A number of clinical and experimental studies have indicated that exposure to a number of physical and/or chemical agents may generate reactive oxygen species (ROS) and promote oxidative stress. ROS react with unsaturated fatty acids of cell membranes, as well as with proteins and nucleic acid and may play an indirect role in disease development (Valko et al. 2004). Mammalian cells have different antioxidant systems including various antioxidative enzymes comprise the necessary trace elements (Se, Zn, Cu, Mn), as well as low-molecular-weight antioxidants: vitamin A, E, C, glutathione, uric acid, etc. (Polat et al. 2002). It has been observed in animal experiments that antioxidant enzyme activities and their gene expression exhibit cyclic 24 h rhythm under normal light–dark conditions. Experiments with rats and chicken have shown that brain GSH-Px and SOD activity is higher at night-time than at day-time (Pablos et al. 1998; Albarrán et al. 2001).

On the other hand, Baydas et al. (2001, 2002) found that constant exposure to light decreases the GSH-Px activity in rat brain, liver, and kidney. Circadian variations of brain enzymes have been described for many redox state controlling enzymes (Jimenez-Ortega et al. 2009). Twenty-four hour changes in the enzyme activity suggest that this cycle may be dependent on the circadian melatonin rhythm (Baydas et al. 2002).

In the group of 349 nurses working within a rotating night and day shifts system, we found significantly higher RBC GSH-Px activity (p < 0.009 after adjustment for age, oral contraceptive hormone use, smoking and drinking alcohol during the last 24 h). Moreover, a progressive increase was found to occur in the RBC GH-Px activity related to the frequency of night shifts per month (Fig. 1, p < 0.001). Such clear, statistically significant, changes were demonstrated only for the activity of RBC GSH-Px in the premenopausal nurses. For the postmenopausal subjects, the changes were not statistically significant.

The remaining studied parameters (markers of antioxidative processes and TBARS) did not differ between study groups working in different work systems. In female workers, estrogen level is an additional factor affecting the redox potential. Women before menopause are protected from the toxic effects of reactive oxygen species, because estrogens play an important role as endogenous antioxidants (Krstevska et al. 2001). It has been postulated, although a final proof is still missing, that estrogens may have protective effects against lipid peroxidation (Brown et al. 2000; Chiang et al. 2004). Studies performed on rats or women receiving HRT demonstrated a quite opposite effect: increase in blood lipid peroxides and/or decrease in plasma B-carotene—precursor of vitamin A (Berg et al. 1997). Ha and Smith (2009) found significantly higher GSH-Px activity in plasma and RBC of healthy postmenopausal women aged 70.9 ± 3.5 years, compared with the premenopausal ones. The Se level in their study did not differ between the pre- and postmenopausal women. Considering that the accessible results are divergent, and that there are few studies on the effects of shift work in healthy volunteers, we have decided to analyze our results with reference to the menopausal status of our subjects. Higher erythrocyte and plasma GSH-Px activities and elevated vitamin E levels have been found in the postmenopausal nurses working currently day shift as compared with the premenopausal ones. The changes in those antioxidants are accompanied by increased TBARS levels in the blood plasma of the postmenopausal women.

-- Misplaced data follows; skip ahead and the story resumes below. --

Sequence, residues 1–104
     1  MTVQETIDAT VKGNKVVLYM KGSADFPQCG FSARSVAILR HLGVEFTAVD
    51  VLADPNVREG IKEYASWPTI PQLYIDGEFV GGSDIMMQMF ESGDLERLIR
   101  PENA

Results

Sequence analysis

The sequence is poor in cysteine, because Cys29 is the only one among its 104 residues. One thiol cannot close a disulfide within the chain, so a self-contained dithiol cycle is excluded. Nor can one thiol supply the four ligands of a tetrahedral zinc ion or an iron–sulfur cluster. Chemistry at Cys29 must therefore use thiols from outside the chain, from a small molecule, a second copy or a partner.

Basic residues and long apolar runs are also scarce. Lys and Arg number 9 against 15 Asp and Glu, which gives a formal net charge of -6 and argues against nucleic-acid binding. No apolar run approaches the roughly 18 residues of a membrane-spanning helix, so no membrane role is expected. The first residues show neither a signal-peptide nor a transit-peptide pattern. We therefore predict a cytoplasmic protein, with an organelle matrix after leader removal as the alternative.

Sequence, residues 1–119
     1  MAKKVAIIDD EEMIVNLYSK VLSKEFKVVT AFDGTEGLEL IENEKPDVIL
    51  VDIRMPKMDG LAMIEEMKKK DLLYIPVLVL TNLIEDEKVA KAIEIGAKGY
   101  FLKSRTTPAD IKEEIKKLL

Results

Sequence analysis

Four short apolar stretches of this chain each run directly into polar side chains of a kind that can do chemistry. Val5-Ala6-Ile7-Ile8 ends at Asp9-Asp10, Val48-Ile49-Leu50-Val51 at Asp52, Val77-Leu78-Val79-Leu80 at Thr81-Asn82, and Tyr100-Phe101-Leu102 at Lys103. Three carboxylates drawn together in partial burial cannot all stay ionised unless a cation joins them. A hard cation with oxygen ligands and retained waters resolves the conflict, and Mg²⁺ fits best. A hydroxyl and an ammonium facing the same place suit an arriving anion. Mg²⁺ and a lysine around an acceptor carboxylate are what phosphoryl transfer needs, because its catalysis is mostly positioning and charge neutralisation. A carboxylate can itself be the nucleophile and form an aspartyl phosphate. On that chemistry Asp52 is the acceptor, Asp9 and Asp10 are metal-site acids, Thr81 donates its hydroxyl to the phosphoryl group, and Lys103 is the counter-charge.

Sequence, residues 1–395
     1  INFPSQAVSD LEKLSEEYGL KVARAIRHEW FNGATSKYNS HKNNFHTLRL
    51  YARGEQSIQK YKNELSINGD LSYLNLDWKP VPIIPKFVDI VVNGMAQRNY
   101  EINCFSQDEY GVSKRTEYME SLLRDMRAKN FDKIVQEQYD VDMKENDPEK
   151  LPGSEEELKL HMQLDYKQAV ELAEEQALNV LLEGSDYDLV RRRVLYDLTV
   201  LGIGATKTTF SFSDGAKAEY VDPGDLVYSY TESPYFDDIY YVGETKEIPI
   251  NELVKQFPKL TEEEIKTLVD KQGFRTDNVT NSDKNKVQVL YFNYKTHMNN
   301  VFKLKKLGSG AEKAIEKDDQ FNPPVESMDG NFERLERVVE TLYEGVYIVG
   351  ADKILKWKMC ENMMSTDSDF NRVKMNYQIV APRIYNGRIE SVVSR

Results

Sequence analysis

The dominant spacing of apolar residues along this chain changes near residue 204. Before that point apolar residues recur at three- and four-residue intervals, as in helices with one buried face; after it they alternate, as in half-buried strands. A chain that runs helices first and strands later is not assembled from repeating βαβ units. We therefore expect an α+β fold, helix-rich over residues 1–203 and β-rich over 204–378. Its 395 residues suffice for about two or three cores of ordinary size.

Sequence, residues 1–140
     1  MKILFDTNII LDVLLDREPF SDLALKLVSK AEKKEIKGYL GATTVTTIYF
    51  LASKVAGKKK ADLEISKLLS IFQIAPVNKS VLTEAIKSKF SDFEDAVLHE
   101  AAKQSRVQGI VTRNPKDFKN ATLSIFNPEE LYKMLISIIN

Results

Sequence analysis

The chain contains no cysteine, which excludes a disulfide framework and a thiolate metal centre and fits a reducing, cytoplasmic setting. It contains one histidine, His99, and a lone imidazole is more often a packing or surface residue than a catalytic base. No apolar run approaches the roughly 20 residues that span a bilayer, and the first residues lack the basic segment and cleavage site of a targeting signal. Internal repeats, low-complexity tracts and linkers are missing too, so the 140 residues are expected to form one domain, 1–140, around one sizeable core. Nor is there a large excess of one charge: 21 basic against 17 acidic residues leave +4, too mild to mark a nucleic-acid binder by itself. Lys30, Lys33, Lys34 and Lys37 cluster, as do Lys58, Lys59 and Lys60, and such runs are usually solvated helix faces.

Our comparison of GSH-Px activity both in plasma and erythrocytes of women working in the shift work system versus women working day shifts only showed reduced plasma GSH-Px in postmenopausal nurses. The RBC GSH-Px activity in premenopausal nurses working rotating shifts was significantly higher than in those working only day shifts. Plasma GSH-Px and RBC GSH-Px are quite different proteins coded on different chromosomes and dominantly synthesized by different tissues.

GSH-Px protein is synthesized mainly in the kidneys, but also in the liver and other organs and released to the blood. Therefore, we may assume that the diurnal cycle of these organs affects the final activity of plasma GSH-Px. Unfortunately, such results for humans are not accessible; therefore, it is difficult to guess how light-at-night exposure may affect renal circadian cycle to modify plasma GSH-Px activity. As the changes in plasma GSH-Px activity were analyzed immediately after termination of the exposure and differences were detected only in the postmenopausal nurses, it seems reasonable to assume that the lower activity of plasma GSH-Px results from oxidative stress associated with lower estrogen concentrations and with the light-at-night exposure of that group of women. Such assumption is supported also by gradual decrease in plasma GSH-Px activity in relation to frequency of night shift work per month (Fig. 2).